When I sat down with various other excited press and the cast and crew of EastEnders to watch a special screening of this week’s astonishing episodes – which have seen Hunter Owen (Charlie Winter) die in a terrifying siege, Ben Mitchell (Max Bowden) and Callum Highway’s (Tony Clay) love come to the fore and Bianca Jackson (Patsy Palmer) and Lisa Fowler (Lucy Benjamin) return – I reflected on how far the show had come over the last couple of years.
The soap had had a lot of problems. Pacing was off, block storytelling was harming the show, storylines were not as engaging as they could have been and it was being trounced in awards and viewing figures by rival soaps Emmerdale and Coronation Street.
It takes a long time to undo the may issues and restore a titan of a show to its former glory and this was always going to be a gradual process, set in motion by John Yorke with the introduction of some new characters, some solid returns, a blockbuster Christmas for the Brannings that got everyone talking again and a move to more community based plotlines and character interactions.
Kate Oates and Jon Sen then took the torch and built on those laid blocks, adding more castings, exciting storylines and meating out the characters and relationships that are the heart of the show. For years, fans have called for a major stunt or a blockbuster week to put the show back on the map.
But without the characters where they should be, the build up, the tone fixed and everyone on the same wavelength, the aftermath of the spectacle would have just been back to basics again. A week like we have just watched – which was a classic EastEnders week of romance, high stakes, shocking cliffhangers, tension, great character mixtures, death, destruction and showdowns – is the pay off of years worth of work from a huge team.
And it has been worth it. Over the past few months, Kate and Jon have really worked on mixing characters up and giving others a new lease of life. Many a producer would have axed Stuart and Callum – one was a villain who seemingly had no redemption and another was treading water without much direction.
But Kate doesn’t come to a show and swing the axe. She looks at what she has got and how she can make it work. Callum and Stuart are prime examples of investing in characters and putting in the work to add some serious layers.
The Hunter arc could have easily have been put to bed with him in prison but suddenly, he was at the centre of a huge ensemble set piece. My heart was in my mouth as I watched the storylines come together and explode.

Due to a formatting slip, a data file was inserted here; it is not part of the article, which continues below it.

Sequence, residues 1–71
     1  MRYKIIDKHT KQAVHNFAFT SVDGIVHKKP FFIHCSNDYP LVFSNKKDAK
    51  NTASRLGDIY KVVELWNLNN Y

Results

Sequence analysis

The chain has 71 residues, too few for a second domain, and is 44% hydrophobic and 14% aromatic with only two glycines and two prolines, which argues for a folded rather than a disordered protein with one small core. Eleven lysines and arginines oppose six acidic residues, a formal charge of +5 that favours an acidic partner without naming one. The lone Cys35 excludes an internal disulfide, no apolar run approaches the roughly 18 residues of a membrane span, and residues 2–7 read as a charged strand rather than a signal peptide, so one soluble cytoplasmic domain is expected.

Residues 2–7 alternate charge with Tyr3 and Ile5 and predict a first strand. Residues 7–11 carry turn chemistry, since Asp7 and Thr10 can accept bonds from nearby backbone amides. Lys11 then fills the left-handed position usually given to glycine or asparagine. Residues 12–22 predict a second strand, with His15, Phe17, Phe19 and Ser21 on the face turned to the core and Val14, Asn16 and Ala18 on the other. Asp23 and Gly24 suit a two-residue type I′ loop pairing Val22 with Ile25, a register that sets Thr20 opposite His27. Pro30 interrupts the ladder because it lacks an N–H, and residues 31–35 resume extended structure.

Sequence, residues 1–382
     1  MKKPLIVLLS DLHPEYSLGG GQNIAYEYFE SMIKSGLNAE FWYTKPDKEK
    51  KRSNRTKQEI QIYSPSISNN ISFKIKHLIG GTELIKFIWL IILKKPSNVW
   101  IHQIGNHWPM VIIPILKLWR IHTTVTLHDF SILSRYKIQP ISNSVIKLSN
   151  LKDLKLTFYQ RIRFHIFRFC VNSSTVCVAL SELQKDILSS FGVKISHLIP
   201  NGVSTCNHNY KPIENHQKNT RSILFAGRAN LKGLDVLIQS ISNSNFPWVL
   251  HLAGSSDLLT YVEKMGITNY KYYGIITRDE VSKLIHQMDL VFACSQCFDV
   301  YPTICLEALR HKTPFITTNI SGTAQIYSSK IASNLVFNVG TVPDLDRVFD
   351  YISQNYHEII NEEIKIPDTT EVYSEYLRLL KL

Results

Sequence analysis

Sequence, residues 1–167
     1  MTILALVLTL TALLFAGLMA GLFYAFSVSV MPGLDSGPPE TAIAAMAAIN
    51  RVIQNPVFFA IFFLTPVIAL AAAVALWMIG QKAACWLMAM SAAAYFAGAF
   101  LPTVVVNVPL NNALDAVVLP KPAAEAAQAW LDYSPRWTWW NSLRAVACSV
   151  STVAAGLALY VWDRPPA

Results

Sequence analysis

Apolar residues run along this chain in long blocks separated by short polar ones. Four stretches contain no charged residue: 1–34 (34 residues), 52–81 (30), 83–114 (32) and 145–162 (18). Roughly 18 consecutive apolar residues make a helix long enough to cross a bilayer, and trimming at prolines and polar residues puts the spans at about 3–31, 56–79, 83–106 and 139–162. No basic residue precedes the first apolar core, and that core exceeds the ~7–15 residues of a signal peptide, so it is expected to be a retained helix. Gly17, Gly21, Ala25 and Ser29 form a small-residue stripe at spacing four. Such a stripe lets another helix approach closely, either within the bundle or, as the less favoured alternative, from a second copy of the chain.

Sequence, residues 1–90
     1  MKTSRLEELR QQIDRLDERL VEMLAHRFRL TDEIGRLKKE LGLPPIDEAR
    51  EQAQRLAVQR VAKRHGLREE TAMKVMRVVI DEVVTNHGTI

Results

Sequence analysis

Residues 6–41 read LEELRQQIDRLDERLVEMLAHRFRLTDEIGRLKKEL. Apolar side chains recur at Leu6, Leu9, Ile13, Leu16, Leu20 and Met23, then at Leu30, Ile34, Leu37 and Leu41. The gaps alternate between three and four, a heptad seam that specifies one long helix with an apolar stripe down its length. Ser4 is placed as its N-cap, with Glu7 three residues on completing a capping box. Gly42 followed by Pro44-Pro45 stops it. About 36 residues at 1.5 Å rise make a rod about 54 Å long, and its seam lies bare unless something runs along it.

I ached for Whitney’s heartbreak while simultaneously yearning for Callum to discover who he is with Ben. I hated and pitied Hunter in equal measure and felt the sheer agony of Mel watching her son destroy himself before her eyes. I marvelled at the work that must have gone into having almost the entire cast in the same place, making it feel like a real EastEnders event. And I laughed until my gut hurt when the only person not to duck for cover was a stony faced Shirley Carter. Legend.
Every character had a role to play. Keegan’s fear at having to collect the phones, Jean telling Hunter what a stupid boy he was being, bex begging him to take her and not Louise – all of this combined really created an intense and diversely structured episode.
There were effects, shocks and tension but moreover, this launch into autumn showcased what EastEnders is fianlly getting bang on again. Character driven storylines leading into the excitement, interaction at its peak, solid writing, must see cliffhangers, a much faster pace and appointment to view television.
And at the heart of it all, Kate and Jon cleverly wove through a poignant and relatable theme through the situation. It was in your face in some moments with the blatant and heart breaking exchange between Mel and Hunter as she took the risk that he wouldn’t shoot her and, for a moment, he became a scared little boy rather than a monster.
Other times it was more subtle, like Sonia panicking over Bex putting herself in harm’s way. Mel questioning where she went so badly wrong with Hunter was simply devastating and Bianca was having similiar realisations herself when it came to how little she has been there for Tiffany.
Elsewhere, despite everything that has happened, Phil was forced to realise how much he loves his son Ben – it only took him taking a bullet to the lung for it to hit home. When he had a choice to make over which child to stay with, Phil left Louise with Lisa and stayed with Ben, panicking that he was going to lose his children.
It was a clever way of pulling so many stories together into the same situation and uniting the characters both with the same level of stakes and also with the same thoughts about their ability as parents and the damage they may have caused their own children.
And the beauty of the week is that it seals together all of the building work and foundations that the show needed – just in time for a cracking autumn, an unmissable Christmas and then the show’s 35th anniversary. And then we have a new set to enjoy.
There was a point when we feared EastEnders would have little to celebrate on its big birthday and some doom mongers even speculated that the show wouldn’t even live to see its new set. Of course that was never the case.
However, EastEnders is now firmly EastEnders as it should be. Yes there are many differences to the feel and tone of the repeats of Classic EastEnders but classic is classic for a reason. Instead of trying to replicate everything from the past, EastEnders now needs to look to the future and adapt while also holding on to the values that make the show what it is.
Those values are back and now it’s time for the massive storylines to keep rolling in. Something tells me that between now and February, there won’t be such a thing as a quiet week in Walford.
Source: Read Full Article